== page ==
If you have not chosen bravo as your archetype, then you can still find out what is going on - you will just have to do it in-character by talking to the bravos in-character at the event!


It's fine for your archetype to change when you play your character. This might happen because you realize you've made a mistake when you created the character. It's quite common to find your character taking a different approach in play to the one you envisaged when you created them. If you realize you'd actually rather than define your character as something else, then you can change it at any point.

Once you have been playing your character a while you may find that your archetype changes because of the things they are experiencing, the things they are doing and the things that are happening to them. Changing your archetype can represent a significant milestone in a character's life - a Dawnish earl might renounce his noble house and leave to become a questing knight. A grimnir might give up his oath of non-violence to join a band of frayed in search of vengeance on a hated enemy.

In either case you can just email us and we'll update your archetype for you. You can do this at any time, you don't have to justify or explain it. Your archetype is important first and foremost to you. The only proviso is that the change will not take effect until after the Winds of Fortune are published, so if you update your archetype then you won't be automatically included in a piece of plot that affects that archetype until after the next event.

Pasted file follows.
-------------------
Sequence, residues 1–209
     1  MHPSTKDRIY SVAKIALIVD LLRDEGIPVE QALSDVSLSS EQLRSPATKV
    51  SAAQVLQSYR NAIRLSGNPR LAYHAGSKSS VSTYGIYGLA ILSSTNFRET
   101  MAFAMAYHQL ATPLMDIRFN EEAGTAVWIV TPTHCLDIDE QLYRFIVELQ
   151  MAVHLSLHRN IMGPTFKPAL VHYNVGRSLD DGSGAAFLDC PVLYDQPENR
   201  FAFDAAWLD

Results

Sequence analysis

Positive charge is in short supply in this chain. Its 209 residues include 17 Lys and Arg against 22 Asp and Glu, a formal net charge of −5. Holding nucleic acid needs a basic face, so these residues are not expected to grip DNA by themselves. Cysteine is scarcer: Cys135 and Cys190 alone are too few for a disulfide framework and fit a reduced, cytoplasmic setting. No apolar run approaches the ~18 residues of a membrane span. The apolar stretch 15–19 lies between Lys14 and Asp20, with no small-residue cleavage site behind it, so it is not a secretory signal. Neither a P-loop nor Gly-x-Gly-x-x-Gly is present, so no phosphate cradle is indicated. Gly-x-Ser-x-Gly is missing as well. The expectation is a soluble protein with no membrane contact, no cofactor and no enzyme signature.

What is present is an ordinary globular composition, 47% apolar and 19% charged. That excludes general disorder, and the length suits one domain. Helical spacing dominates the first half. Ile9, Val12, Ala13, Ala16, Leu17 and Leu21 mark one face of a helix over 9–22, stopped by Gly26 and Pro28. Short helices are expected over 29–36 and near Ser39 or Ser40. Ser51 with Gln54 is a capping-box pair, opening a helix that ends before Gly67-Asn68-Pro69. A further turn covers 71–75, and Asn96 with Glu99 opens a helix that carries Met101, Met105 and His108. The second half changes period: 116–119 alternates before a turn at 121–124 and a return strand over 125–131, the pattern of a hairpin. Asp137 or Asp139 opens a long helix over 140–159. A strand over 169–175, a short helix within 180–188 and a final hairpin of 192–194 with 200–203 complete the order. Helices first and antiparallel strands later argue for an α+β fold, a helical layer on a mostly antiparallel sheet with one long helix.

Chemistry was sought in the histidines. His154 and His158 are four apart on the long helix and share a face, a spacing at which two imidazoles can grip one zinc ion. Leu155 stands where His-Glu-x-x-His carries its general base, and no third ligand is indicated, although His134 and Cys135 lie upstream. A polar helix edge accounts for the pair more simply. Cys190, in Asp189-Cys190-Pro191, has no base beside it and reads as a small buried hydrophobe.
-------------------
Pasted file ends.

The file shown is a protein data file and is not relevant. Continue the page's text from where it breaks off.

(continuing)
An archetype will often encompass a foundational idea that is central to the nature of that archetype. For example, a grimnir is a Wintermark healer who has sworn an oath to forego the heroism of the front line in battle. It's fine to create your own unique character for Empire, but you can't change the foundational idea for an archetype - because the archetype is defined by that concept. You can't be a grimnir who goes striding into the thick of battle, weapons in hand, because that not doing that is one of the things that defines a grimnir.

Of course there are plenty of Wintermark warriors who have studied the healing arts. The grimnirs are not the only healers in Wintermark. Grimnirs are merely a specific type of healer - one that is noted for swearing an oath to avoid battle. If you are considering an archetype but some key part of that role does not appeal to you then it is better to pick a different archetype or just play a regular citizen. Not being an archetype can be just as important if the differences are important to your character. For example, if you are an Urizeni magician who thinks esoteric lore is bad idea and that magicians should do everything possible to avoid the omnihedron, then you are not a stargazer - but your character clearly cares about the stargazers, about the things they are up and about trying to stop them!


Some archetypes have significant social status associated with them. The earls of Dawn meet regularly at Anvil to discuss matters of importance to the nation. The wise ones of Varushka meet to chose their senators. Every nation has one or more archetype associated with leadership or prominent social status.

The wiki will often describe the respect with which these members of this archetype are treated by other characters of the nation. If you choose to embrace one of these archetypes then you can expect people to treat you accordingly, but only if you play the role in the way it is described. An Urizeni arbiter leads a spire and can expect respect and courtesy from their fellow magicians, but that is unlikely to last long if you try to throw your weight around and expect other players to do what you say because "the brief says the nation respects you". If you want people to treat you as a respected arbiter then you have to play that role.